According to the AJC:

A history teacher in Dahlonega was placed on administrative …

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Do we have to pay top dollar for school superintendents?

The AJC has a companion piece to its weekend story on how few systems are cutting their highest-level central office folks. The latest story talks about how well paid school superintendents are in  metro districts.

The real question is whether districts have to pay these high salaries to attract and keep good superintendents. They all claim they do, that this a market-driven decision. (The Regents say the same thing about the salaries they offer college presidents.)

According to the AJC:

At least four local superintendents earn more than the vice president of the United States and one earns nearly as much as the president.

As school districts face unprecedented budget cuts and collective layoffs of more than 1,500 teachers, superintendent compensation remains hefty, even with recent decreases.

The highest-paid superintendent in the metro area is Gwinnett’s Alvin Wilbanks, who earns $382,819, according to the Gwinnett school district. Wilbanks actually will make less than …

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Class size: After state board vote Monday, the sky’s the limit

(Updated by me at 10:30 Monday night with interviews with local systems, experts)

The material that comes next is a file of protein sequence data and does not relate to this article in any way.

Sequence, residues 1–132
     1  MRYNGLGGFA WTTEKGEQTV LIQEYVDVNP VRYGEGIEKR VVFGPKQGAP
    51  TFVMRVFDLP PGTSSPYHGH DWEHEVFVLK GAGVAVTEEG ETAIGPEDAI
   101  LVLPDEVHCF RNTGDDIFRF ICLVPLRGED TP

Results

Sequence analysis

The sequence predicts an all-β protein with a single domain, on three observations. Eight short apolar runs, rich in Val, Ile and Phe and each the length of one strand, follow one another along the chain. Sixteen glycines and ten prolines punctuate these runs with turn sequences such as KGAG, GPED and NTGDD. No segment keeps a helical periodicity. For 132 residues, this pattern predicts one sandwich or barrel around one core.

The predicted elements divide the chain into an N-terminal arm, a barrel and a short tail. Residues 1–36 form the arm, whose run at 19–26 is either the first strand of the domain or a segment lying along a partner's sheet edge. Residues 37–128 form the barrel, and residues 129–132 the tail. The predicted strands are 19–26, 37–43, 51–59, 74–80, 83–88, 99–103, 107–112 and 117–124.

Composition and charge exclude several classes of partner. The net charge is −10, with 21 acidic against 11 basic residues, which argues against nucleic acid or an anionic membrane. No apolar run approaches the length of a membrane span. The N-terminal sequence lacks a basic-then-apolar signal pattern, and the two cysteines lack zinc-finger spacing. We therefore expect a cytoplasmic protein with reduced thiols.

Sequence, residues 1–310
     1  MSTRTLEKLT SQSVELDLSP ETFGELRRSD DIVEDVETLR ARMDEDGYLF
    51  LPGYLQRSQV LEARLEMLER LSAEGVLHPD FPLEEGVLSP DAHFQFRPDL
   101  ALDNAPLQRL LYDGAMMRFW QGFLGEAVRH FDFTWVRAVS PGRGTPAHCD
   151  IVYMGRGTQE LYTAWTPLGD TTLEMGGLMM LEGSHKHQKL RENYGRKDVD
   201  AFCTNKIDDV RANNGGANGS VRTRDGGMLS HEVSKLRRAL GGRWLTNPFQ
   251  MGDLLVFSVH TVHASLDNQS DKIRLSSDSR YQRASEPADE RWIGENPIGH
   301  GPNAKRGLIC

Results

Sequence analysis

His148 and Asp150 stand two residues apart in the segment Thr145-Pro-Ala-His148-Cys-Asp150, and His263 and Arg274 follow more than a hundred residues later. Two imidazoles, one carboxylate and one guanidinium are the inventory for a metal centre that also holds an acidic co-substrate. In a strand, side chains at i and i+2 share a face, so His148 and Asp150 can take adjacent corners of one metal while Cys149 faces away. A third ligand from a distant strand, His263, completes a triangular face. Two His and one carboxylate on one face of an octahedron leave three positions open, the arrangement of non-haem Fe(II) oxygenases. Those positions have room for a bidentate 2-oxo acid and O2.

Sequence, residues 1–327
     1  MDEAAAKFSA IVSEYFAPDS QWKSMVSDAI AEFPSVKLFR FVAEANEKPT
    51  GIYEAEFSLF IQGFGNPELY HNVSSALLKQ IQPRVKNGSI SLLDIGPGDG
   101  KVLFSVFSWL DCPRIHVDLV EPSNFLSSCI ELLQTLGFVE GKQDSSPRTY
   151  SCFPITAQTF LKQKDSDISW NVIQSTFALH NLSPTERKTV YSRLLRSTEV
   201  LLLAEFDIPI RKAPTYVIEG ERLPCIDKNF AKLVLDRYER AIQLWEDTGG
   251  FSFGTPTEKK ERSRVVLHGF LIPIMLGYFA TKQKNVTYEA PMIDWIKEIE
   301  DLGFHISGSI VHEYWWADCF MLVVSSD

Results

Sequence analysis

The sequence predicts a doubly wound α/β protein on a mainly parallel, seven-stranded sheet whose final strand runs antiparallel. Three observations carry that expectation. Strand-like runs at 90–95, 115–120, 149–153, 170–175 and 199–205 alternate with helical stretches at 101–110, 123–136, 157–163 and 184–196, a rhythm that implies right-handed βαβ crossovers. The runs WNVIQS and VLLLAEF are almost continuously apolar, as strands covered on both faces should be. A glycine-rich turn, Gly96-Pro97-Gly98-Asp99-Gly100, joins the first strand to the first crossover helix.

The state Board of Education voted Monday to lift all limits on class sizes over the next year in response to the deepening school budget crisis that has already forced thousands of teacher layoffs, the loss of music and arts programs and shorter school years in some Georgia districts.

Described as an emergency response to a worsening financial climate, The 9-2 vote means that Georgia school districts can raise class size by 5five, 10, 15 students — or as many students as they choose — without seeking a waiver from the board or the Department of Education.

The vote essentially guts the prevailing state rules that mandated 23 students or fewer in k-3 and 28 in grades 4-8.

“I want to understand — we are giving school boards the right to decide in any class, in any grade and in any subject matter the ability to have any class size they want?” asked state board member James E. Bostic Jr.

Yes, said …